I have not spent much time either in the rural South or the Midwest. (I am glad to hear that Indianapolis has a fine Civil war memorial, although as a native Baltimorean I try and stay away
from Indianapolis.) In New England, the memorials are all of common soldiers, at least outside the big cities. In the South, at least in the cities, the memorial are all of generals. I have always thought that reflected a profound difference in outlook—the South was hierarchical and the North the home of the common man. Thus, Northern monuments focus on the sacrifice of Northern soldiers, but perhaps that focus merely reflects the fact that the Southern generals—esp Lee and Jackson—were more heroic (in a movie sense). After all, Grant and Sherman were even better generals, but they lack the panache of the Rebs, and they also do not representa “Lost Cause.’ Perhaps Al and other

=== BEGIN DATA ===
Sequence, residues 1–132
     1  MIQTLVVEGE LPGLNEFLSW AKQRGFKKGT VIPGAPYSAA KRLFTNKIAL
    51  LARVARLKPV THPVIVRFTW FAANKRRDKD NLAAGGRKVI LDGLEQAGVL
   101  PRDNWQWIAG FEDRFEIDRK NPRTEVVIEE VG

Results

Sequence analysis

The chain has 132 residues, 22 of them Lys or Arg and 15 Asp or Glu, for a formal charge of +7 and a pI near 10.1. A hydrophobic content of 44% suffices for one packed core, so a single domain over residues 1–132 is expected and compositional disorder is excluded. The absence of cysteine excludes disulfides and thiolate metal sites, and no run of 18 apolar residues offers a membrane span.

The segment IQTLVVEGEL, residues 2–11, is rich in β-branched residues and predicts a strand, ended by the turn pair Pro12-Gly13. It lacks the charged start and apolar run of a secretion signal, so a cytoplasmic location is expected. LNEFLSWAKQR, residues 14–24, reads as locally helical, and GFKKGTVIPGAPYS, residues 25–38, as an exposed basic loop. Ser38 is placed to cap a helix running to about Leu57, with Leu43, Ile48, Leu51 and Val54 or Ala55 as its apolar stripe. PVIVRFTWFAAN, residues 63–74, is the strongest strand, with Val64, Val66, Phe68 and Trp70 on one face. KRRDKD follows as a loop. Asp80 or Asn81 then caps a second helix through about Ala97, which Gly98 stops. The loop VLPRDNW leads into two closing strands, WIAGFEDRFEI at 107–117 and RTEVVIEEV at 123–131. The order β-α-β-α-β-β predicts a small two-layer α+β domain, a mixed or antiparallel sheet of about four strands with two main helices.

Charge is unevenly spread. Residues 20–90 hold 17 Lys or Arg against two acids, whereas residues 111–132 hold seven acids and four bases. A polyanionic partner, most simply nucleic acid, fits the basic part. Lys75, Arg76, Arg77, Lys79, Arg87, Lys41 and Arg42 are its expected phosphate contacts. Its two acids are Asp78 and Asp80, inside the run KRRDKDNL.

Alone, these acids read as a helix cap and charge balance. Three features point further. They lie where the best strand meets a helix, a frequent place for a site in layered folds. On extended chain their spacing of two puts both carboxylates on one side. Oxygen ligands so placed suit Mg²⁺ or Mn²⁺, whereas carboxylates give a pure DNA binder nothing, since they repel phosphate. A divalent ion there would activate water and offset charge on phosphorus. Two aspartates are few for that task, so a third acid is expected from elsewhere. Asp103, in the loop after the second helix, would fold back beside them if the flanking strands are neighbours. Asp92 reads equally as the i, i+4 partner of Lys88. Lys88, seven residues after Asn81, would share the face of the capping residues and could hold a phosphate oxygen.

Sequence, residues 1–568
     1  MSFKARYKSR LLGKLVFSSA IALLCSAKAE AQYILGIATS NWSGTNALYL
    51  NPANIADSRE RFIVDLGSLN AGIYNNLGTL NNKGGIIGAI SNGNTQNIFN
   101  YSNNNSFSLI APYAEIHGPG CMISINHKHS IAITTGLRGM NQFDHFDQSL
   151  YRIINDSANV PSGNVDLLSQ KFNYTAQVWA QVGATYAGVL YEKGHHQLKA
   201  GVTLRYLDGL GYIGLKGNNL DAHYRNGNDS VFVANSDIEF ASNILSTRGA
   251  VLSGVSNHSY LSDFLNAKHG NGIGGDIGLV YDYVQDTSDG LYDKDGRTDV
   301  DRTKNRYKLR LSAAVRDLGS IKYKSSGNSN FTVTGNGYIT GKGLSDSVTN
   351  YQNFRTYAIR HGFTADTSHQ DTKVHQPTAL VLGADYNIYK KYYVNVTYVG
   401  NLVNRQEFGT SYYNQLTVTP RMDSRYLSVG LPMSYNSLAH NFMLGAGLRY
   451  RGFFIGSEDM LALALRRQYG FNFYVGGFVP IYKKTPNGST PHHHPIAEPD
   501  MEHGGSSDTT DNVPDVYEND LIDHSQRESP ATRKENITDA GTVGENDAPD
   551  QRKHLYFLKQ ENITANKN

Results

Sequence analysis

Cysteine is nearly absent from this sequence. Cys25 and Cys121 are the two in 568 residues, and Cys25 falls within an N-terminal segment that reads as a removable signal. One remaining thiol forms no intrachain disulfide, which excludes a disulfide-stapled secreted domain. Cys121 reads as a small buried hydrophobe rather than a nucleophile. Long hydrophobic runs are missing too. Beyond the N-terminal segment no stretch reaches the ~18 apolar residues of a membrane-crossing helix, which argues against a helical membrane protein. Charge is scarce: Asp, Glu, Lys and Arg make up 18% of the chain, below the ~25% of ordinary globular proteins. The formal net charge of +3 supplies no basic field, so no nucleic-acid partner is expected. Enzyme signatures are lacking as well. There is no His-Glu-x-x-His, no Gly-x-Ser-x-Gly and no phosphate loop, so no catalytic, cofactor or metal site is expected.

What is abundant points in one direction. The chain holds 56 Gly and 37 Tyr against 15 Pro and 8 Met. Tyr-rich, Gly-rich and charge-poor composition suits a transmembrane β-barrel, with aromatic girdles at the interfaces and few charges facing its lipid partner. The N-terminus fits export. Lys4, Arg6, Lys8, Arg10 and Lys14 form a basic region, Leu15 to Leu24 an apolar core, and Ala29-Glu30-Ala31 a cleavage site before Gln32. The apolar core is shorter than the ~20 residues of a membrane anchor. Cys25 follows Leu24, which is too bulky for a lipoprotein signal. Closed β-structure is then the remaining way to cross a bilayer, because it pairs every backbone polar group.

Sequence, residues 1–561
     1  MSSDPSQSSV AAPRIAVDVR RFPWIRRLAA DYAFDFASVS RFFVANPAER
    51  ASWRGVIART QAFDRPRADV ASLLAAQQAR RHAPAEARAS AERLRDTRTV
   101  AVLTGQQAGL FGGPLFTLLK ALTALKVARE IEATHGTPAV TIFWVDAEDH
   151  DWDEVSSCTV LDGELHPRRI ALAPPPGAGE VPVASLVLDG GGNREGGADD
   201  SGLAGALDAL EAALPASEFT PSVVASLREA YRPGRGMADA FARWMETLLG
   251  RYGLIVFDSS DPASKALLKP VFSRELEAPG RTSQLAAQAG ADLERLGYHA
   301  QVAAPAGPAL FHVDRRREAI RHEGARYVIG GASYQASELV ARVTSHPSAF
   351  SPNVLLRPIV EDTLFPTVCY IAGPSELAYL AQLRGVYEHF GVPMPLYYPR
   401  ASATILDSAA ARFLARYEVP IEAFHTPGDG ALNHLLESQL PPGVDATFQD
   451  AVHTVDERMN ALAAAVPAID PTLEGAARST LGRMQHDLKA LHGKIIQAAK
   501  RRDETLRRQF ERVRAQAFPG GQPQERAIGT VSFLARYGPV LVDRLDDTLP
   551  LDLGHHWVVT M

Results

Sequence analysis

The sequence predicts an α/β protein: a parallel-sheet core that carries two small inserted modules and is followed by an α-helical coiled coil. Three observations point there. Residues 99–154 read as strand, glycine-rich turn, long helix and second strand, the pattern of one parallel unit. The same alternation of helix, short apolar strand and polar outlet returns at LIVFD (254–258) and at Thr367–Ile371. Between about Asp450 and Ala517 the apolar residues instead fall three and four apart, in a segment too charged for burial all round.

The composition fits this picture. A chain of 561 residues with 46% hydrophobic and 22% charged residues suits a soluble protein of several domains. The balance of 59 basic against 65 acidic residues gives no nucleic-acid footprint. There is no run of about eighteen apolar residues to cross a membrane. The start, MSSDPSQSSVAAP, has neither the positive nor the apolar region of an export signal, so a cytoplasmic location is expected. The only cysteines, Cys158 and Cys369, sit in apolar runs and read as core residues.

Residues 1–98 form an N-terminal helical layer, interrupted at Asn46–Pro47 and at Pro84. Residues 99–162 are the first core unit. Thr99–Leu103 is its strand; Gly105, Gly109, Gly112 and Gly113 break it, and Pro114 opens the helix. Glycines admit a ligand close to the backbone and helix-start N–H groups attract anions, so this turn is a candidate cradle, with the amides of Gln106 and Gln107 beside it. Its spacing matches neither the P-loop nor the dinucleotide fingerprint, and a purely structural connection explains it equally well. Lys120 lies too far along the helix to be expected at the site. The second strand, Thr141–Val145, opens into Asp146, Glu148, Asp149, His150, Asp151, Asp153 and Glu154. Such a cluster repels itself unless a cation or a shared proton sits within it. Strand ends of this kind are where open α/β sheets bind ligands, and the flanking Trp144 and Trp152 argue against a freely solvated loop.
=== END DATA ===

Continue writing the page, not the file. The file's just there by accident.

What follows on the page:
commentators might have something to say on this.
A few years ago I was in rural Georgia in a small town where a sign told me that the town was spared from Sherman’s soldiers because the town’s mayor and Sherman had been friends. My immediate
thought was—“No one’s perfect.” In other words, this town also should have been burned by Sherman.
The town was lovely, and it would have been a great loss to have burned it. Things of beauty are, of course, all too rare. On the other hand, the beauty was built on the backs of slaves, and Sherman’s March to the Sea was designed to destroy Southern resistance. Moreover, the buildings that survived surely
passed into the hands of those who inherited them from slave labor. Why should those owners have been exempt from the whirlwind that they sowed?